Every employer shall, semimonthly or at the time of each payment of wages, furnish each of her employees, either as a detachable part of the check, draft, or voucher paying the employee’s wages, or separately when wages are paid by personal check or cash, an accurate itemized statement in writing showing (1) gross wages earned, (2) total hours worked by the employee, except for any employee whose compensation is solely based on a salary and who is exempt from payment of overtime under subdivision (a) of Section 515 or any applicable order of the Industrial Welfare Commission, (3) the number of piece-rate units earned and any applicable piece rate if the employee is paid on a piece-rate basis, (4) all deductions, provided that all deductions made on written orders of the employee may be aggregated and shown as one item, (5) net wages earned, (6) the inclusive dates of the period for which the employee is paid, (7) the name of the employee and her social security number, except that by January 1, 2008, only the last four digits of her social security number or an employee identification number other

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110. California Labor Code section 226(e)(1) provides:

An employee suffering injury as a result of a knowing and intentional failure by an employer to comply with subdivision (a) is entitled to recover the greater of all actual damages or fifty dollars ($50) for the initial pay period in which a violation occurs and one hundred dollars ($100) per employee for each violation in a subsequent pay period, not to exceed an aggregate penalty of four thousand dollars ($4,000), and is entitled to an award of costs and reasonable attorney’s fees.

111. California Labor Code section 226(e)(2) provides:

(A) An employee is deemed to suffer injury for purposes of this subdivision if the employer fails to provide a wage statement.

(B) An employee is deemed to suffer injury for purposes of this subdivision if the employer fails to provide accurate and complete information as required by any one or more of items (1) to (9), inclusive, of subdivision (a) and the employee cannot promptly and easily determine from the wage statement alone one or more of the following:

(1) The amount of the gross wages or net wages paid to the employee during the pay period or any of the other information required to be provided on the itemized wage statement pursuant to items (2) to (4), inclusive, (6), and (9) of subdivision (a).

(i1) Which deductions the employer made from gross wages to determine the net wages paid to the employee during the pay period. Nothing in this subdivision alters the ability of the employer to aggregate deductions consistent with the requirements of item (4) of subdivision (a).

(iii) The name and address of the employer and, if the employer is a farm labor contractor, as defined in subdivision (b) of Section 1682, the name and address of the legal entity that secured the services of the employer during the pay period. (iv) The name of the employee and only the last four digits of her social security number or an employee identification number other than a social security number.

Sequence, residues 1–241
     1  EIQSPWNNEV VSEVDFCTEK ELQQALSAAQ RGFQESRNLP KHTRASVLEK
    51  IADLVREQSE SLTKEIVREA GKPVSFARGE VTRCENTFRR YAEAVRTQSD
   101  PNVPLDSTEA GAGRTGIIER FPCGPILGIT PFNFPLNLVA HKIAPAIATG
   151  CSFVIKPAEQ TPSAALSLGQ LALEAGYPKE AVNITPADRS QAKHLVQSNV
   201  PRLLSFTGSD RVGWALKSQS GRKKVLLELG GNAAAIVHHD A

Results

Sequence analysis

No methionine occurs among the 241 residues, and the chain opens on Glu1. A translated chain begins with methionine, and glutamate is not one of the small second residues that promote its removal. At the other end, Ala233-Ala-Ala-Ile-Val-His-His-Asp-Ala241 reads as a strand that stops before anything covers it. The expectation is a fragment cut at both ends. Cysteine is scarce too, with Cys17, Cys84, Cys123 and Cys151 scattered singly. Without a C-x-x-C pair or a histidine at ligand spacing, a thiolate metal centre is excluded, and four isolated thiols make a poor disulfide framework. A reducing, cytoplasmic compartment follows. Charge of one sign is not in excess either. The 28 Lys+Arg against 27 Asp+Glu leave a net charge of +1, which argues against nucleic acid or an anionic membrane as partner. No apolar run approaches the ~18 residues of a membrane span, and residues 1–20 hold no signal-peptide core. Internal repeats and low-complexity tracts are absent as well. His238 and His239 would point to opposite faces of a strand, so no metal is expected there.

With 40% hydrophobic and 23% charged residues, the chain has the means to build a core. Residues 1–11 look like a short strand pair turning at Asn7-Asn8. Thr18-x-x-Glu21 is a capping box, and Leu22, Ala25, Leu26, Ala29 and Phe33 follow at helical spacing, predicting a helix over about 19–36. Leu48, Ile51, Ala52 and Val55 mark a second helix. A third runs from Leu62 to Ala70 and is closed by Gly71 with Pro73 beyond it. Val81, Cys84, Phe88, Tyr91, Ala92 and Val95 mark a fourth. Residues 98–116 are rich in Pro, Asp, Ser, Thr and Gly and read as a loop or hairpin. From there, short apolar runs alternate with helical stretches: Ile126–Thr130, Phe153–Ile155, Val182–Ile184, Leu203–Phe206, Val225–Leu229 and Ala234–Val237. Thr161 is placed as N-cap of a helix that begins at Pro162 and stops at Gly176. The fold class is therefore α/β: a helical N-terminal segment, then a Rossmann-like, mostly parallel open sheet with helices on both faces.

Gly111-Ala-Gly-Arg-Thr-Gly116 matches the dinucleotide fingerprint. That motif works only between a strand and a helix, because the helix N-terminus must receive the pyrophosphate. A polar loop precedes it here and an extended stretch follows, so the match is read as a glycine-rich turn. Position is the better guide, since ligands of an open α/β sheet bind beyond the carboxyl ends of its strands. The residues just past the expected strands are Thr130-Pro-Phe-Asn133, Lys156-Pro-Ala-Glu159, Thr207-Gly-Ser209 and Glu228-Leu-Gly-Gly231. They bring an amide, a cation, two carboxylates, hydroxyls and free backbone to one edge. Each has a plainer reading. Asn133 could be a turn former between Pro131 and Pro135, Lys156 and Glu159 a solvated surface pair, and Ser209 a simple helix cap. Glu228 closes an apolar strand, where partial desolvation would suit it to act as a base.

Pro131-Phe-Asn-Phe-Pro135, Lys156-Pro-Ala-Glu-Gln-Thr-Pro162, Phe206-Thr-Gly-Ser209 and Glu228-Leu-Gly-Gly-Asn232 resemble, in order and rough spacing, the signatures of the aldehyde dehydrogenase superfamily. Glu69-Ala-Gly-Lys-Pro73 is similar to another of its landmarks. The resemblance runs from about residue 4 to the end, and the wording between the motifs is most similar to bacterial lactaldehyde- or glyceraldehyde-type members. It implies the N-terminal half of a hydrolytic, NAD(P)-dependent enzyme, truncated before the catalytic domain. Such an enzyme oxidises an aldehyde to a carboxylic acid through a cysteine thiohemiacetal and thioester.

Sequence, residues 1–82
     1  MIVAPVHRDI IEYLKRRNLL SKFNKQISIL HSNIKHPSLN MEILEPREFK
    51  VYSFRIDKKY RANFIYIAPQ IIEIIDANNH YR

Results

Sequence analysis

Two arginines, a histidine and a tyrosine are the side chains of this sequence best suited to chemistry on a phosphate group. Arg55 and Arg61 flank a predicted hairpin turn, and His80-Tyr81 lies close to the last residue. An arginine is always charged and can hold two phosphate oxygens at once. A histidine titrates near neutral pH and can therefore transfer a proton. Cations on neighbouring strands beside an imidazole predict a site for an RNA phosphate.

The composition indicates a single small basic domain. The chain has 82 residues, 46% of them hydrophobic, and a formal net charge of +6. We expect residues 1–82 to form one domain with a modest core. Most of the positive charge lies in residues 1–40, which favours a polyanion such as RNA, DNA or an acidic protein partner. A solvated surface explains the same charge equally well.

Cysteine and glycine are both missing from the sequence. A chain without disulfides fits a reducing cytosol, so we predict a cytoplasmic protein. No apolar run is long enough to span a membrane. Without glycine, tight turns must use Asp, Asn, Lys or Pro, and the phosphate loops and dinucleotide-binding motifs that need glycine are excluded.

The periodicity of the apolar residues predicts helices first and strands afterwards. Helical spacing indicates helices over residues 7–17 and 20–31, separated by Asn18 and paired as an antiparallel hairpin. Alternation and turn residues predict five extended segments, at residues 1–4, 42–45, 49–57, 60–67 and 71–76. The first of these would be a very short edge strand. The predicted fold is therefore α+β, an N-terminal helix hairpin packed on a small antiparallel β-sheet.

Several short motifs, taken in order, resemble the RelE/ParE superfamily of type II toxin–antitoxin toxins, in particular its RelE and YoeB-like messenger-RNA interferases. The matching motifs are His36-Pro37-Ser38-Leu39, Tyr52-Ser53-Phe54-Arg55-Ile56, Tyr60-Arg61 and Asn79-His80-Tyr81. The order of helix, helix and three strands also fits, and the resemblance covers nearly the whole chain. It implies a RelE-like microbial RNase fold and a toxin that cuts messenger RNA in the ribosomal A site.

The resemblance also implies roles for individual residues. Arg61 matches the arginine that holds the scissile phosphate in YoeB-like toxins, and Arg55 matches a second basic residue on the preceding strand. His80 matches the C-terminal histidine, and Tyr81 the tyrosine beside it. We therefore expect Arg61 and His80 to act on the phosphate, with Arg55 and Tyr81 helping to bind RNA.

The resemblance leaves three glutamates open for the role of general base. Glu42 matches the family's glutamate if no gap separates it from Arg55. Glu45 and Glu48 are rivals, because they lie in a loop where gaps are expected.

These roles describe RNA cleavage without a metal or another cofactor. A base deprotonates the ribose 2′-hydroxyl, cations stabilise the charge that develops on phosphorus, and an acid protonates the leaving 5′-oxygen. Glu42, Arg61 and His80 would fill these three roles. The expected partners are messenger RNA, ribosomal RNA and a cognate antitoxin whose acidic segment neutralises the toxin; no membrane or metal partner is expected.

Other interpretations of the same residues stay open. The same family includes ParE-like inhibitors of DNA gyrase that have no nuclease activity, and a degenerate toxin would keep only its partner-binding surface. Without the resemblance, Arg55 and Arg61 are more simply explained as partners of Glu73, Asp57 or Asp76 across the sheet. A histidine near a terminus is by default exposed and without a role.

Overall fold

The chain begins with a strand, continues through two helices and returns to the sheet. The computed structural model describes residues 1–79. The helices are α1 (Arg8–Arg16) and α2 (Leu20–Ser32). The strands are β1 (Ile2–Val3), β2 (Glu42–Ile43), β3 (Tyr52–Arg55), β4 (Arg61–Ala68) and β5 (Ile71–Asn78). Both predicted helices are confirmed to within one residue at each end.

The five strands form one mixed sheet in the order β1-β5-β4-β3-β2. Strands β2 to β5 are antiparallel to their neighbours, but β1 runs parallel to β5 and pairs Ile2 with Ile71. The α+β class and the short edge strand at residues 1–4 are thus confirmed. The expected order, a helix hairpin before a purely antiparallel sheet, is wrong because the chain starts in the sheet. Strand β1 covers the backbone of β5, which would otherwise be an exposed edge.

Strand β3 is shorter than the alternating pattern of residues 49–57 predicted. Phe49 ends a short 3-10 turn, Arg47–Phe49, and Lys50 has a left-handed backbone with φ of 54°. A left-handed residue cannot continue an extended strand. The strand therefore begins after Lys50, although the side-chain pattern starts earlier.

112. California Labor Code section 1174(d) provides:

Every person employing labor in this state shall . . . [k]eep, at a central location in the state . . . payroll records showing the hours worked daily by and the wages paid

to . . . employees employed at the respective plants or establishments. These records shall be kept in accordance with rules established for this purpose by the -7 commission, but in any case shall be kept on file for not less than three years. An employer shall not prohibit an employee from maintaining a personal record of hours worked, or, if paid on a piece-rate basis, piece-rate units eamed.

113. Defendants knowingly failed to provide Plaintiff and Class Members with timely and accurate wage and hour statements showing the inclusive dates of the pay period, gross wages earned, total hours worked, all deductions made, net wages earned, the name and address of the legal entity employing them, all applicable hourly rates in effect during each pay period, and the corresponding number of hours worked at each hourly rate. Plaintiff and Class Members in fact never received accurate wage statements at all, as Defendants did not employ a timekeeping system that actually tracked all hours their workers worked.

114. Plaintiff and Class Members were injured by Defendants’ failure to provide accurate wage statements, because, as alleged above, Plaintiff and Class Members could not determine whether they were paid properly and/or did not receive pay for all hours worked, and thus suffered monetary damages due to Defendants’ policies described above.

115. Plaintiff and Class Members are not exempt from the requirements of the Employment Laws and Regulations.

116. Based on Defendants’ conduct as alleged herein, D efendants are liable for damages and statutory penalties pursuant to California Labor Code section 226, and other applicable provisions of the Employment Laws and Regulations and other applicable provisions of the Employment Laws and Regulations in amounts to be established at trial, as well as attorneys’ fees

and costs, pursuant to statute.

NINTH CAUSE OF ACTION INJUNCTIVE RELIEF

117. Plaintiff incorporates in this cause of action each and every allegation of the preceding paragraphs, with the same force and effect as though fully set forth herein.

118. Asaresult of the unlawful and wrongful conduct alleged above, in the absence of injunctive relief prohibiting Defendants from employing minors in violation of Labor Code